Dead money, or why we can’t blame everything on Greg McGarity

Back in the twilight days of Mark Richt’s Georgia tenure, I took a lot of grief in certain quarters here for suggesting that the enthusiasm of some for firing Richt ought to be tempered by the realization that even were the head coach to be removed, the rest of the athletic department would still be in place, meaning that the problems facing Georgia football were more than just Mark Richt’s management.  I don’t think subsequent developments have rebutted my argument.

It’s probably a wise lesson to be applied today, as I hear much the same from a lot of people about Greg McGarity.  While I’m obviously no fan of his management, once again it’s hard for me to see how his departure would change things much.  Doubt me on that?  Well, let me give you an example of what I’m talking about.  It’s something that Seth Emerson mentioned yesterday, but Jason Butt spells it out in a little more detail here:

Much has been discussed about the large amount of money sitting in Georgia’s operating reserves. The worry is that millions of dollars that could be used toward athletics facility upgrades is going to waste.

During Thursday’s annual spring UGA Athletic Association Board of Directors meeting at the King and Prince Golf and Beach Resort, the topic was broached during an hour-long presentation. In essence, Georgia preached a fiscally responsible approach to its spending. The money in the operating reserves has multiple purposes, such as maintaining projects, being prepared for unforeseen events and to maintain good standing with lenders.

But one point the UGA Athletic Association hadn’t made clear before is what some of the money is actually tied to. On Thursday, Georgia reported an uncommitted balance of $36.9 million in its operating reserve. But that money can’t simply go toward new facilities at a rapid pace without facing financial consequences.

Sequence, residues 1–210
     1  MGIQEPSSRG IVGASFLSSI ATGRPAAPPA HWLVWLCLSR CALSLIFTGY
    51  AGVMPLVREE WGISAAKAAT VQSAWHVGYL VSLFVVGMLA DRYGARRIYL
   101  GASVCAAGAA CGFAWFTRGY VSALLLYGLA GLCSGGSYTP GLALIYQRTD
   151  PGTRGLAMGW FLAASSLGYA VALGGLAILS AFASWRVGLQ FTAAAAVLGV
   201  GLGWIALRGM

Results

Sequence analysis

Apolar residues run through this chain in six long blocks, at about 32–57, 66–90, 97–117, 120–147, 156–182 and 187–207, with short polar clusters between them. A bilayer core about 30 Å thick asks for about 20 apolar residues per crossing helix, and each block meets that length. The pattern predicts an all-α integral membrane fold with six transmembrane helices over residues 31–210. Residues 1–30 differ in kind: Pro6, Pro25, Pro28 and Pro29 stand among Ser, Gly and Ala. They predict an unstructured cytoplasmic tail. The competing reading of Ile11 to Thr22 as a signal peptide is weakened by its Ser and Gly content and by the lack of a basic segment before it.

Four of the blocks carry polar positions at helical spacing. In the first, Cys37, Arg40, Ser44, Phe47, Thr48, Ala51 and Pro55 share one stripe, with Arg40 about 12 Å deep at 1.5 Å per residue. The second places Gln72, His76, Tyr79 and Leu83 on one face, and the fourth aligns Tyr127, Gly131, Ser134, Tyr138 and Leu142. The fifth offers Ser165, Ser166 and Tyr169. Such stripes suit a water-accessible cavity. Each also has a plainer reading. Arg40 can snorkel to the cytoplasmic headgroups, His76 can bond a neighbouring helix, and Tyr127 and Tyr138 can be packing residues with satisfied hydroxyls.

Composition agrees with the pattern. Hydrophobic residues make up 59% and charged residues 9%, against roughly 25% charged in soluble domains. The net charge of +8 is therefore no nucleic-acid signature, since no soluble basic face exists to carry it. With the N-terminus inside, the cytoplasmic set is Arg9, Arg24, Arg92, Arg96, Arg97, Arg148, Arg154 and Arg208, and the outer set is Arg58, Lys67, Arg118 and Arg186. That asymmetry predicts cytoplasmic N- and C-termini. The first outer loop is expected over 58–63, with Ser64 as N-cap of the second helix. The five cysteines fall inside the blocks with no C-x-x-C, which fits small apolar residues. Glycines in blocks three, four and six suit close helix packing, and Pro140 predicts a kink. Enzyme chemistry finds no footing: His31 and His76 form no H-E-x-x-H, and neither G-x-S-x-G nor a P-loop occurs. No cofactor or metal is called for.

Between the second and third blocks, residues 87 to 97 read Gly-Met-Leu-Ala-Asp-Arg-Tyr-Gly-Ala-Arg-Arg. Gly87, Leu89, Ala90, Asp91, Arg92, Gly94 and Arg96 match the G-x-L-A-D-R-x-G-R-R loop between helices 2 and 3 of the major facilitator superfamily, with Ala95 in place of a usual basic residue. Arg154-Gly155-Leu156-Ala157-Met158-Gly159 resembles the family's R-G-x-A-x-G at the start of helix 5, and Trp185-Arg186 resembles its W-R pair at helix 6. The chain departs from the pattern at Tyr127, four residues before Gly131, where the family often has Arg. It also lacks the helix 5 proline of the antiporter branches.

UGA vice president of finance and administration Ryan Nesbit said that a portion of the $36.9 million in its operating reserves is tied to bond-related covenants related to other projects. While the Georgia athletics program is able to take some money out, it won’t allow the reserve to drop below $30 million. UGA must uphold previous bond agreements that state a specific amount of untouched cash is available without use.  [Emphasis added.]

That’s a lot of money to be sitting there.  And while McGarity may be tasked with defending that proposition,

The Athletic Association reported an Aa3 credit rating provided to it by Moody’s, which is the lowest level of the credit rating agency’s “high grade” description. This has led to favorable bond and interest rates, the ability for future re-financings and the possibility of obtaining a low-interest line of credit for the West end zone project.

But the Aa3 rating is only one notch away from an A1 designation, which is considered “upper medium grade.” Nesbit said Georgia wants to avoid dropping into this category.

Georgia athletics director Greg McGarity stated other collegiate programs are willing to take on additional debt without the means of replacing it in a sound manner.

“That is the situation a lot of institutions are in now,” McGarity said. “Their reserves have either been depleted or their debt services are so high that future occupants of an athletic director’s chair is going to make it tough 20-to-30 years out. I think it’s a story that’s not very popular in college athletics.”

… I have a hard time believing that’s his call to make in the first place.

During the board meeting, UGA president Jere Morehead expressed the need for the program’s donors to come through with the $53 million for the project. If Georgia has to dip into its reserves for it, the bond-related covenants and credit rating could be affected.

Let me say, before anyone tries to lob a stupid accusation my way, that it’s entirely admirable for Georgia’s athletic department to behave in a fiscally prudent manner.  You read stories about the out of control finances at schools like Cal and realize bad management can easily lead to awful problems.